JH: It’s settled into something we’re all so happy about. I feel like the personnel is finally settled, our roles are finally settled and we know what’s expected of us and what to expect from each other. With that comes a level of comfort from which you can try anything, knowing everyone has got your back. Everyone is always listening. The hardest we all concentrate is during those 100-minute sets we do. We walk on stage, and give this thing our undivided attention until we walk off.

It’s become a really well-oiled machine, and I don’t mean that in the sense of getting bored. I have seen it through lots and lots of phases, and this is the first time I feel like this really, really works. 

[Photo by Ian Rawn]

JAMBASE: What got it there? Personnel? Chemistry?

JH: It’s a lot of things. It’s chemistry, yeah, but it’s also just plain old time. Some of this material is 16, 17, 20 years old. And quite frankly, sobriety has a lot to do with it. I think anyone who knew Trey prior to that time and post that time would agree. Everyone’s just on it now, all the time.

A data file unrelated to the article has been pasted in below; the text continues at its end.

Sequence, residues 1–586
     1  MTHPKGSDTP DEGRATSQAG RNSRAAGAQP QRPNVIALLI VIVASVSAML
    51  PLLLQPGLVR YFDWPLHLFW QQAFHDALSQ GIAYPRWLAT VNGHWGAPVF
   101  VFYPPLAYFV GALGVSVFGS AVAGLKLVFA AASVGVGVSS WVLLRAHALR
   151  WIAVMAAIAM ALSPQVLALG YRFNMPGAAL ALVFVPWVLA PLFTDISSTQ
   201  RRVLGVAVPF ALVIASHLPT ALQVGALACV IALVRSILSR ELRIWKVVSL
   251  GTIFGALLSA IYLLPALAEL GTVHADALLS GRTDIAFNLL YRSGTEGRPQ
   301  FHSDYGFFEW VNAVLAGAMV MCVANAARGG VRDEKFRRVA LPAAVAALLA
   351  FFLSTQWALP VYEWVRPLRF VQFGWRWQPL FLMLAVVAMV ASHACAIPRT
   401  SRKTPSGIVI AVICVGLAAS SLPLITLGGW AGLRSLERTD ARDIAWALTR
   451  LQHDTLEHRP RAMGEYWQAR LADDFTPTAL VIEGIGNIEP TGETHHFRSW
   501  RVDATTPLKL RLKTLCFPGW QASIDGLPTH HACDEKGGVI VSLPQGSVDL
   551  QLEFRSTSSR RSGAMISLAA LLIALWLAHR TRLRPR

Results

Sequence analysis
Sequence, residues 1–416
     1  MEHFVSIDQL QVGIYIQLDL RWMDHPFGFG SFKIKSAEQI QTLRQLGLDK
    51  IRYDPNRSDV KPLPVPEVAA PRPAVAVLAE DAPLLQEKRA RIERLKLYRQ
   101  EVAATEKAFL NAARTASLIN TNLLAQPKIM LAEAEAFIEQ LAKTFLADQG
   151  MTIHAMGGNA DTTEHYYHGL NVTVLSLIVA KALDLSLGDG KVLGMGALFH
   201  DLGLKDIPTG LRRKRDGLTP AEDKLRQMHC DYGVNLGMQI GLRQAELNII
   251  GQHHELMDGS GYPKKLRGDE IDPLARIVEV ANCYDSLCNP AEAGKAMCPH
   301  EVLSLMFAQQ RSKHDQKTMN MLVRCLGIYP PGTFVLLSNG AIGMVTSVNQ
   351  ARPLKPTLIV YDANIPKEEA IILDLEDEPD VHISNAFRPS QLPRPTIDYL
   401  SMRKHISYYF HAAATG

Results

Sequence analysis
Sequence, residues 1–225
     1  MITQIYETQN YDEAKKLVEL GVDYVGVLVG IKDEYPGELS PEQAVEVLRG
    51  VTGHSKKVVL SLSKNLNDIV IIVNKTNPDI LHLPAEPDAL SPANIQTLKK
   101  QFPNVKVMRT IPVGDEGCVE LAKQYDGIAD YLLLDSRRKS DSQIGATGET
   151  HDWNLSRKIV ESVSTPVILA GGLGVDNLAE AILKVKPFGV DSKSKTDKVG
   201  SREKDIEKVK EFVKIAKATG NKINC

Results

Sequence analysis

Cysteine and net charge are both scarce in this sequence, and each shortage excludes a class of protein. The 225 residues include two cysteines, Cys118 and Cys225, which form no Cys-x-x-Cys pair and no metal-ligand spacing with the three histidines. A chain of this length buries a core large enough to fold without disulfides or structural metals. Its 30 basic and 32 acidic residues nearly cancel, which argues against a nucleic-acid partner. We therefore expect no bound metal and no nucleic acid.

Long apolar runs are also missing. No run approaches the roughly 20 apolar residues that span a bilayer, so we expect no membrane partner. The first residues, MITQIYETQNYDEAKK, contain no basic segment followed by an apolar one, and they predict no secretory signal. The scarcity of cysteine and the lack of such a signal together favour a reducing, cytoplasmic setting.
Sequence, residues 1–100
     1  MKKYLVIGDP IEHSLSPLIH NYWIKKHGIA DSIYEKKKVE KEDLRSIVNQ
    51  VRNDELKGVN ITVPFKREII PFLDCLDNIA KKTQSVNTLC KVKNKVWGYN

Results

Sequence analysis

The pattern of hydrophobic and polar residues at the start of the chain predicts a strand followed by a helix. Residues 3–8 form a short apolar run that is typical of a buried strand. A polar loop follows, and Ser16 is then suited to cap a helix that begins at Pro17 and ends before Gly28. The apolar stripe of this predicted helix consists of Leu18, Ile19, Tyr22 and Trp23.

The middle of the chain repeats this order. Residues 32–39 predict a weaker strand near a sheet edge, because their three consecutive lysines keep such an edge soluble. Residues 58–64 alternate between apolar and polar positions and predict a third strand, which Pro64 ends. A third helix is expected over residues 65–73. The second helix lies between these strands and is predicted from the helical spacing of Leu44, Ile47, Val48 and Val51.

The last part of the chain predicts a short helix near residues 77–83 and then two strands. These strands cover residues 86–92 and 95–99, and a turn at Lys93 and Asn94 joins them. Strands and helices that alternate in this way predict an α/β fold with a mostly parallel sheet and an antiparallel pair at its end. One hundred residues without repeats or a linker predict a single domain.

JAMBASE: How do you think that changed Trey as a bandleader?

JH: He’s much more focused. He’s very, very in the moment -he’s just present now, there and in life. It carries through everything.

JAMBASE: Any hints as to new Trey Band tour dates?

JH: There’s stuff probably coming up, but I don’t want to get beat, so I’m not going to say much. [laughs]

JAMBASE: Understood, understood. Do you and Trey have the type of relationship where you talk about things like where the band goes next or things related to him like his upcoming Dead appearances?

JH: We haven’t really talked about that specifically, but there’s no limit on what we would talk about. He’s known me since I was a kid.

JAMBASE: I hear it. And just hearing you mention that some of those songs have two decades of miles on them … Well, people talk often about the longevity of Phish and all the eras there but the Trey band has some pretty rare longevity too.